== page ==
Voters are being asked this fall to vote on nine local and state judges.
Under Colorado’s system, judges are appointed by the governor, and then placed on the ballot every four years, when voters decide whether to retain or depose them. The system avoids having judges campaign for election and fundraise, sometimes on a partisan basis, in contested elections, which is the case across many states. Former Supreme Court Justice Sandra Day O’Connor condemned that process in a speech at the Aspen Institute last summer.
The judges on the ballot here this year are Supreme Court Justices Nathan B. Coats; Court of Appeals judges Laurie A. Booras, James S. Casebolt, Dennis A. Graham, Gail T. Miller, Daniel Mark Taubman and John R. Web; District judges James Berkley Boyd and Daniel B. Petre.
The nonpartisan Colorado Office of Judicial Performance Evaluation recommends retaining all nine of these judges. Voters can access more nonpartisan information about the judges and the retention process at www.knowyourjudge.com 
Judge Boyd is the chief judge for the district, based in Glenwood Springs. His best-known recent decisions and cases include dismissing criminal charges against local building inspectors for the carbon monoxide death of a family in 2011, accepting the plea deal allowing actor Charlie Sheen to avoid jail on felony menacing charges, and overseeing the trial of the alleged Centennial rapist in 2010.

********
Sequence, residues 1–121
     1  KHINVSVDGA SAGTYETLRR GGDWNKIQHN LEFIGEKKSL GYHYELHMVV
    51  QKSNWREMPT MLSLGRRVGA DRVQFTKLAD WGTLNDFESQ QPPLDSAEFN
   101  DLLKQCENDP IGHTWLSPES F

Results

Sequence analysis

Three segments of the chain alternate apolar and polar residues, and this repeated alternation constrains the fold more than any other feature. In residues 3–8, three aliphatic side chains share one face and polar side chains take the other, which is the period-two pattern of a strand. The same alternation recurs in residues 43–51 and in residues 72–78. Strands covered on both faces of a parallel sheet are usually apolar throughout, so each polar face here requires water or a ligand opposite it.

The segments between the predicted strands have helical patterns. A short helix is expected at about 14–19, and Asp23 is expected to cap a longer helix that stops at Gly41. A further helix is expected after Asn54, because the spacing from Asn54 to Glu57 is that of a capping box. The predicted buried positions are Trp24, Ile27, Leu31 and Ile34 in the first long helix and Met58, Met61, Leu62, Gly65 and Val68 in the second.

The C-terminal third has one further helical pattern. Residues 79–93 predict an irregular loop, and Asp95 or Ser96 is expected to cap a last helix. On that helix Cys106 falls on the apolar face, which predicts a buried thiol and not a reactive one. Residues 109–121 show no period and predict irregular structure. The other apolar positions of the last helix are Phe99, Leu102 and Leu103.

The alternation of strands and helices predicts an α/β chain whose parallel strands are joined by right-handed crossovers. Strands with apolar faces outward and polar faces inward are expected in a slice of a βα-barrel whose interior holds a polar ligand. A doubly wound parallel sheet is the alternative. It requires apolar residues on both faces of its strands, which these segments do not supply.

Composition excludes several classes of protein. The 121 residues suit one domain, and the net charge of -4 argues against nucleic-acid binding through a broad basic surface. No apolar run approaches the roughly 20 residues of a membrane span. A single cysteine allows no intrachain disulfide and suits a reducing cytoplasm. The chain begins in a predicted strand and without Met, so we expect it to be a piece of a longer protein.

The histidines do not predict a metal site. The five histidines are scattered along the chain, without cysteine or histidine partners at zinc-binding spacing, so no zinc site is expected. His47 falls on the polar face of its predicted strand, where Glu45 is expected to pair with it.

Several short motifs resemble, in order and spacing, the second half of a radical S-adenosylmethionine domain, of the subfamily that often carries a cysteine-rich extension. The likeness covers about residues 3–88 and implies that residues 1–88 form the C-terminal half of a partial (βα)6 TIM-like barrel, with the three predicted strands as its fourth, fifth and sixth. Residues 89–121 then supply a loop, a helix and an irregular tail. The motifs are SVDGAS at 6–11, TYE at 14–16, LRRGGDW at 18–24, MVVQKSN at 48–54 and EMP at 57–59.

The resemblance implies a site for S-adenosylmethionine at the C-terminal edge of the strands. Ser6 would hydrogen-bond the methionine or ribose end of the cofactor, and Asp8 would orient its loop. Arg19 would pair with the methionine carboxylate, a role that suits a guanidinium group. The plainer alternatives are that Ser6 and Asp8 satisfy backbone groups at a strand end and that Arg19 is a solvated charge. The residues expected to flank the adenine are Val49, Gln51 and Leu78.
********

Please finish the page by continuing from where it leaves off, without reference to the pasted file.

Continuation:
In a survey of attorneys who have dealt with the judge, by the judicial board, 89 percent recommended to retain Boyd. Eighty-five percent of non-attorneys surveyed recommended to retain him.
Judge Petre, also based in Glenwood, is best known for recent decisions in favor of allowing four-lane Entrance to Aspen proponents to put a question on an upcoming local ballot, and sentencing an Aspen man to a suspended prison sentence for his role in a heroin distribution case stemming from the overdose death of a visitor.
In the attorney survey, 64 percent recommended retaining Petre. Seventy-seven percent of non-attorneys recommended retaining him.
Since the retention system has been in place, 99 percent of judges have been retained and voters have never opted not to retain an appellate judge. A total of seven judges have been fired by voters since 1990, none of them from the Pitkin-Garfield-Rio Blanco district. The most well-known ouster under the system came in 2002, when Steamboat Springs District Court Judge Joel Thompson was voted out after his live-in girlfriend was arrested on cocaine distribution charges.